|کد مقاله||کد نشریه||سال انتشار||مقاله انگلیسی||ترجمه فارسی||نسخه تمام متن|
|2648665||1139163||2014||7 صفحه PDF||ندارد||دانلود رایگان|
PurposeTo evaluate a person-centered intervention, directed to siblings with a brother or sister newly diagnosed with cancer that combines education, learning and reflection about cancer.MethodQualitative methods with pre- and post-intervention semi-structured interviews were conducted. Fourteen siblings aged 9–22 years participated. A qualitative content analysis was carried out.ResultsThe result comprises of five themes: ‘grasping for knowledge about cancer, ‘thinking for hours and having nightmares’, ‘experiencing physical pain’, ‘being emotional in several ways’, ‘waiting for a normal, good life despite the uncertain future”.Pre-intervention; a low level of knowledge of cancer treatments and its side effects was revealed; siblings slept poorly, lay awake thinking and had nightmares about cancer; they felt pain in different parts of their body; they felt emotional and angry and were anxious as cancer is life-threatening; in the future the sick child will finished treatment and recovered.Post-intervention; siblings described having specific knowledge, felt more informed, and that it was easier to understand the sick child's situation; they slept better, but still had a lot on their minds regarding the sick child; most siblings said they no longer experienced pain, felt better and were happier but could still get sad; in the future the sick child would be healthy, not exactly as before, but almost.ConclusionPerson-centered intervention helps siblings to be more knowledgeable about the sick child's cancer, leading to a more realistic view about treatments and consequences. Further studies of person-centered interventions for siblings are important.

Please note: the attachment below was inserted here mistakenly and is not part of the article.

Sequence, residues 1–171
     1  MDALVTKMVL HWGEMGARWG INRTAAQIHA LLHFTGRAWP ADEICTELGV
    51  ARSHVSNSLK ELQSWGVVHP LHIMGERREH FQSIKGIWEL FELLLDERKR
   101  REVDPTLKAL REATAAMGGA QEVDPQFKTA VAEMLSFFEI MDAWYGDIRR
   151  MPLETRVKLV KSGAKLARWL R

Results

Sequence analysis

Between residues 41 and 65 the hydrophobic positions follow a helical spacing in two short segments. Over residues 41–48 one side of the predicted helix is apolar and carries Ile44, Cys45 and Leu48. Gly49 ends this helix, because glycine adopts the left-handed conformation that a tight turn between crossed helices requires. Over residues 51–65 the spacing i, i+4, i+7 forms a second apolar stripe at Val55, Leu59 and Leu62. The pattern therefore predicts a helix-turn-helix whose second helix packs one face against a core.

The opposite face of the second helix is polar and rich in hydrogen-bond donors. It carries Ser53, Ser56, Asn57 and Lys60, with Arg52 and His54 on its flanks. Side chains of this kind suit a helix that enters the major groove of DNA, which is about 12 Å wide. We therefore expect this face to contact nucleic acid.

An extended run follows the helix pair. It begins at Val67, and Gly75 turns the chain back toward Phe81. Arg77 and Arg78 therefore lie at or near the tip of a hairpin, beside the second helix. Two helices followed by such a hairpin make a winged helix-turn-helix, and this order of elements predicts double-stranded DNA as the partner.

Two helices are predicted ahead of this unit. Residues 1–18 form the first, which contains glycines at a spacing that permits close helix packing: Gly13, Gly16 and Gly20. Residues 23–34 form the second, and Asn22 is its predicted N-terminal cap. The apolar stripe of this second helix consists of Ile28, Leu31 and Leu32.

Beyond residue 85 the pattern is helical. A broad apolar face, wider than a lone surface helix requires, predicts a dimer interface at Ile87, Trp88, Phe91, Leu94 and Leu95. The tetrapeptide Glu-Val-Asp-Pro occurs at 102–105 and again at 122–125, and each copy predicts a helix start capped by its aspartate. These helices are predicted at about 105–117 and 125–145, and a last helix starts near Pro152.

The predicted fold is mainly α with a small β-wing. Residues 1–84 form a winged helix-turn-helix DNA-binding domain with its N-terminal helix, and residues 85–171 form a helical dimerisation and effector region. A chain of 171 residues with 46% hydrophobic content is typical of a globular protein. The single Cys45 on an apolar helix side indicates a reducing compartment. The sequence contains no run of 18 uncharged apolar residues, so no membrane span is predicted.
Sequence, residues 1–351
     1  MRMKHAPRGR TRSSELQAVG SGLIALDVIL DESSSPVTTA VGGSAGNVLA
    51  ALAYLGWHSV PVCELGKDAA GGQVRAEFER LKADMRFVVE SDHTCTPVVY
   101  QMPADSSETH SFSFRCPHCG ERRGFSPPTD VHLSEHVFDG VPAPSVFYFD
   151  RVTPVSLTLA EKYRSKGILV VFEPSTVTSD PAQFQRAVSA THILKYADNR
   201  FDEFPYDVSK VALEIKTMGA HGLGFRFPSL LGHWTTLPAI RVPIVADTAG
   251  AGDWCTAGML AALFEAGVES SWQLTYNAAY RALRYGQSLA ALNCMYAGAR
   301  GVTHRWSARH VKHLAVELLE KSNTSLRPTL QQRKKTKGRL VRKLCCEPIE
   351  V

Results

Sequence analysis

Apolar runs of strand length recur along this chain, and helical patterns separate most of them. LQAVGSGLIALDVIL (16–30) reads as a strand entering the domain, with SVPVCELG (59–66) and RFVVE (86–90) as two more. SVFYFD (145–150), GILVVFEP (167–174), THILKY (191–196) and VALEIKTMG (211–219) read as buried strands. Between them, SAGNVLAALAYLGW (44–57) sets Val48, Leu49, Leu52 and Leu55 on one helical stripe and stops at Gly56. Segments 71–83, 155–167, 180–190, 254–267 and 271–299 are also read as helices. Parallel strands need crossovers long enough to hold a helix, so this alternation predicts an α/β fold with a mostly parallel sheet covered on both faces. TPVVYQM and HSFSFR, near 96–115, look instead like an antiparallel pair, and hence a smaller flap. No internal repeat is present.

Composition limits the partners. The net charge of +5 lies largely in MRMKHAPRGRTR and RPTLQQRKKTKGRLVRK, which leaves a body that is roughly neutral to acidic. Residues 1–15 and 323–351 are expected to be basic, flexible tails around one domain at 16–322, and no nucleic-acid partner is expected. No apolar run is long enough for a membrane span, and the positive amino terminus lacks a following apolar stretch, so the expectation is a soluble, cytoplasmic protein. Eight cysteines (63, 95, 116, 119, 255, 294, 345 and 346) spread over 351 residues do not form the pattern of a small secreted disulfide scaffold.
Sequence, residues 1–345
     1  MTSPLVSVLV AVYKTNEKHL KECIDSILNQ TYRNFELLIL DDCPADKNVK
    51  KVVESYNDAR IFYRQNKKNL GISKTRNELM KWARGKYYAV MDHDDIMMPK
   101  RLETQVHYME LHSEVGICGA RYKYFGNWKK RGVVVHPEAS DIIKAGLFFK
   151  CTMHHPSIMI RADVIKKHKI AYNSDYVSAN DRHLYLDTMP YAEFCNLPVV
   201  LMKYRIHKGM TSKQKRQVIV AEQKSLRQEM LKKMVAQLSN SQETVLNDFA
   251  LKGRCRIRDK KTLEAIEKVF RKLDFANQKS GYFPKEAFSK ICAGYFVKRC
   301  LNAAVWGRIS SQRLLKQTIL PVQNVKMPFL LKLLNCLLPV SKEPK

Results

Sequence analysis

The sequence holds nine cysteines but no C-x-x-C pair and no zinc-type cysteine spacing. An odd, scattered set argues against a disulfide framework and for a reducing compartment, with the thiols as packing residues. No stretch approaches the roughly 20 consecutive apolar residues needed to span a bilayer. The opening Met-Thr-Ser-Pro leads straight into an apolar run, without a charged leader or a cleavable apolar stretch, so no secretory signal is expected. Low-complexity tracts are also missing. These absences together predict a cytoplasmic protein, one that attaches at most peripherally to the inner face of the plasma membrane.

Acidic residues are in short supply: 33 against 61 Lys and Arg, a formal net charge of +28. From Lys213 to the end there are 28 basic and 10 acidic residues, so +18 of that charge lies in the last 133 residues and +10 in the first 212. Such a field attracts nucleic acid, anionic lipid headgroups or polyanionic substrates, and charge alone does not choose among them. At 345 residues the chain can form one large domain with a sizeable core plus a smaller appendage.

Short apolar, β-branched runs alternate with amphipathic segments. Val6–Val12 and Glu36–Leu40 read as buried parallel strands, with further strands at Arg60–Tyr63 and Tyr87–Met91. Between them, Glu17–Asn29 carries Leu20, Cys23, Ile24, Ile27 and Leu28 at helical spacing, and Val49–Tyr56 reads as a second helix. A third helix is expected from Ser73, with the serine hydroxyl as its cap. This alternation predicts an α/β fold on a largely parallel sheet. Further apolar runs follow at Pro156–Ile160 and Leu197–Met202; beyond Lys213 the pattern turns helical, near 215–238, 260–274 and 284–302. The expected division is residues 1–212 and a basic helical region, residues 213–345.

Journal: European Journal of Oncology Nursing - Volume 18, Issue 3, June 2014, Pages 254–260